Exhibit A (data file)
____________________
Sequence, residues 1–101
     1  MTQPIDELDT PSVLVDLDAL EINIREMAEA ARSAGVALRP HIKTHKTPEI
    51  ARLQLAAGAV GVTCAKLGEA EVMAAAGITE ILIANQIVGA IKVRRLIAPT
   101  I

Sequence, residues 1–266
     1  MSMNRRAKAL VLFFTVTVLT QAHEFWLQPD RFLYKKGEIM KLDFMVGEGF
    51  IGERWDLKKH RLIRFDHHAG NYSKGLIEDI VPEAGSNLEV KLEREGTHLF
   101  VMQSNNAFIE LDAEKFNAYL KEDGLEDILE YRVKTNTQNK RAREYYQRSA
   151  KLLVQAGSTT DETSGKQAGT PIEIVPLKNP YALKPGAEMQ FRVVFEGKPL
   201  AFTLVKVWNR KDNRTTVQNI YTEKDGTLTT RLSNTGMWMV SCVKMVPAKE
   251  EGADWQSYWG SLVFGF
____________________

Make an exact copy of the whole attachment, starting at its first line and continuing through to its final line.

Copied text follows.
Sequence, residues 1–101
     1  MTQPIDELDT PSVLVDLDAL EINIREMAEA ARSAGVALRP HIKTHKTPEI
    51  ARLQLAAGAV GVTCAKLGEA EVMAAAGITE ILIANQIVGA IKVRRLIAPT
   101  I

Sequence, residues 1–266
     1  MSMNRRAKAL VLFFTVTVLT QAHEFWLQPD RFLYKKGEIM KLDFMVGEGF
    51  IGERWDLKKH RLIRFDHHAG NYSKGLIEDI VPEAGSNLEV KLEREGTHLF
   101  VMQSNNAFIE LDAEKFNAYL KEDGLEDILE YRVKTNTQNK RAREYYQRSA
   151  KLLVQAGSTT DETSGKQAGT PIEIVPLKNP YALKPGAEMQ FRVVFEGKPL
   201  AFTLVKVWNR KDNRTTVQNI YTEKDGTLTT RLSNTGMWMV SCVKMVPAKE
   251  EGADWQSYWG SLVFGF